What a difference a week makes. At the beginning of last week, it was clear that three committees in the House and two in the Senate were busy putting together health reform legislation. What was less clear was what President Barack Obama wanted—particularly in the area of a public health insurance plan option and other reform areas. But by midweek, the health reform winds seemed to change.
The President Speaks. In a meeting with key Democratic senators at the White House, the president talked Tuesday, June 2 about healthcare reform, which was followed immediately by a two-page letter sent to Senators Max Baucus (D-MT) and Sen. Edward Kennedy (D-MA), the chairmen of the two key healthcare reform committees, to clarify support for various healthcare provisions, including a public plan and requiring all individuals (under a principle of "shared responsibility") to be covered by insurance. Obama's proposed deadline for completion of healthcare reform is October.
It was a message that he took to the people Saturday, June 6 with a five-minute weekly broadcast address in which he said he would "lower costs, improve quality and coverage, and also protect consumer choice"—by letting individuals keep their plans and physicians they had if they liked them.
Obama released some details of how reform proposals would be paid for the $2.5 trillion reform package, such as cutting spending over the next 10 years through strengthening Medicare and Medicaid payment accuracy, improving care after a patient was hospitalized, and eliminating fraud, abuse, and waste. He said his estimated savings were about $309 billion. Obama's comments reflect findings from his Council of Economic Advisors on how high health costs will impact the economy.
Bill Draft Makes an Appearance. On late Friday, June 5, a draft of a reform bill emerged from the Senate Health, Education Labor and Pensions Committee, chaired by Sen. Edward Kennedy (D-MA).
The draft language, still preliminary at this point, proposes that all individuals have insurance, businesses be required to provide insurance (or pay a fee to the government), state insurance marketplaces be created where people can compare and buy plans, and subsidies be provided for low income individuals to buy coverage.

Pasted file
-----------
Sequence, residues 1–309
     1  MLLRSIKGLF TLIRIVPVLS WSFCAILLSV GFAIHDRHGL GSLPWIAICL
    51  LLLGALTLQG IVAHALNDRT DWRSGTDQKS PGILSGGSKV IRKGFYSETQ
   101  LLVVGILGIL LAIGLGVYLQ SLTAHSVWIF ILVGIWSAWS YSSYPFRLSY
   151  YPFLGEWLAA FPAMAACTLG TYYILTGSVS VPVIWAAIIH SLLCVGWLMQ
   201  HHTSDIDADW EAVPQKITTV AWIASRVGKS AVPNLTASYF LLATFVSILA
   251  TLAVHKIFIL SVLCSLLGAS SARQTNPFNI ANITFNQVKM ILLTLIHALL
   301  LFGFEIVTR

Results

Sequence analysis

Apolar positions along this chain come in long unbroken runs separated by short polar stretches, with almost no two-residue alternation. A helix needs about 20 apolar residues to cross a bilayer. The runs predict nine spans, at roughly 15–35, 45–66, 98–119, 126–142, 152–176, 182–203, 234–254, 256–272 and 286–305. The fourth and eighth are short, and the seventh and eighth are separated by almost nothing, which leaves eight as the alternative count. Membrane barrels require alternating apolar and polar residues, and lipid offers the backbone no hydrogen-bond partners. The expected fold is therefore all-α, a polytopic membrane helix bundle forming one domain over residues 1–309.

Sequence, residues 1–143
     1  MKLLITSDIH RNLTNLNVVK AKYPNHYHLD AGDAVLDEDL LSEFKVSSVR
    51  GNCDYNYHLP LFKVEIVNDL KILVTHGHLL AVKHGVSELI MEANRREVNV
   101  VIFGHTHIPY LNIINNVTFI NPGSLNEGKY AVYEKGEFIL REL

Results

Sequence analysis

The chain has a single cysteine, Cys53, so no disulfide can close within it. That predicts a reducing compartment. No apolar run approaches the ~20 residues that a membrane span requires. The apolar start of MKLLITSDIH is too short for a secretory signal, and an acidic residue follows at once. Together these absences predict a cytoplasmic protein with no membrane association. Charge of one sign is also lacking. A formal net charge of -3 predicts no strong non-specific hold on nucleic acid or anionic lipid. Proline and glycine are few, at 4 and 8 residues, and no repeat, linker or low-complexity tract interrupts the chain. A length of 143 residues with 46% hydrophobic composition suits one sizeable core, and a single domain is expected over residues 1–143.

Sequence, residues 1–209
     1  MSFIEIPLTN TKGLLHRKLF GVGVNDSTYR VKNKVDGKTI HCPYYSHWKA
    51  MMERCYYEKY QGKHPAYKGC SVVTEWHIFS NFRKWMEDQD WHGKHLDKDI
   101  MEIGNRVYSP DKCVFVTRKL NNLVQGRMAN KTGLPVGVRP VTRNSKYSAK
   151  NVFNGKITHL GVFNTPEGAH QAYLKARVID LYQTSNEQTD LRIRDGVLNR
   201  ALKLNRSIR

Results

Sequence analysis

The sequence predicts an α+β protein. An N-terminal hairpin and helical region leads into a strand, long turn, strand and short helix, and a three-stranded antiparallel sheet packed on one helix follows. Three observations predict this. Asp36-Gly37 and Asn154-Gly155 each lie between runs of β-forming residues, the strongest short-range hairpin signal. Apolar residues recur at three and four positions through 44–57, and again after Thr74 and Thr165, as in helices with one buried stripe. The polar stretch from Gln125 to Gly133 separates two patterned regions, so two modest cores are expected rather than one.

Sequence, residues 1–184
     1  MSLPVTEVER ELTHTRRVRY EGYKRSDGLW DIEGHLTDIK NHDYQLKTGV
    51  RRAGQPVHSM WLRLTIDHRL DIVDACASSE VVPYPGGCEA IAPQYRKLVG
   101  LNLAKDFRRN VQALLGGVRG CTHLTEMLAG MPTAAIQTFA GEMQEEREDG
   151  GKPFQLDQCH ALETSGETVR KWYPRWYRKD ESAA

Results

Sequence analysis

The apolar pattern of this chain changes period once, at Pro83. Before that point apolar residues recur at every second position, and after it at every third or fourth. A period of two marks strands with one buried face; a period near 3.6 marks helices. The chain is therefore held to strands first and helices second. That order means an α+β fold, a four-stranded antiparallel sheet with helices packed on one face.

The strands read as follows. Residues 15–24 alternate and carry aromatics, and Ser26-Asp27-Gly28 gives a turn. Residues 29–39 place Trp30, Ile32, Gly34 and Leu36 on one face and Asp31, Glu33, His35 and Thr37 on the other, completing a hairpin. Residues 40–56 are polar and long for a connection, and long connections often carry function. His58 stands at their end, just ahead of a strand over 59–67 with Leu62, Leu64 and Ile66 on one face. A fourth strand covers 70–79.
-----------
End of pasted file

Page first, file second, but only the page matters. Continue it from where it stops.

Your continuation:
Mark-up is expected by early next week by the committee, although it is not know if Committee Chairman Kennedy, who is recovering from a brain tumor, will be making an appearance. Sen. Christopher Dodd (D-CT), a friend of Kennedy's, has been involved in moving legislation forward in Kennedy's absence.
Mark-up also is expected next week for the reform legislation completed by the Senate Finance Committee. Despite some differences between the committees noted earlier in the week, both committees agreed that they will work together to develop a bill that goes to the Senate floor.
Although it probably won't be included in the Senate Finance Committee measure, Baucus met with individuals supporting single payer interests during the week.
Health Group Proposals. After meeting at the White House last month, members of the six healthcare organizations—including the American Hospital Association and America's Health Insurance Plans—submitted proposals on Monday, June 1 on how they would decrease the annual healthcare spending growth rate by 1.5%.
In their game plan "to bend the cost curve," the groups’ projected savings would come from the following areas: utilization of care ($150 to $180 billion), chronic care ($350 to $850 billion), and administrative simplification and the cost of doing business ($500 to $700 billion). However, individualized savings are not specifically included in the sections submitted by the groups.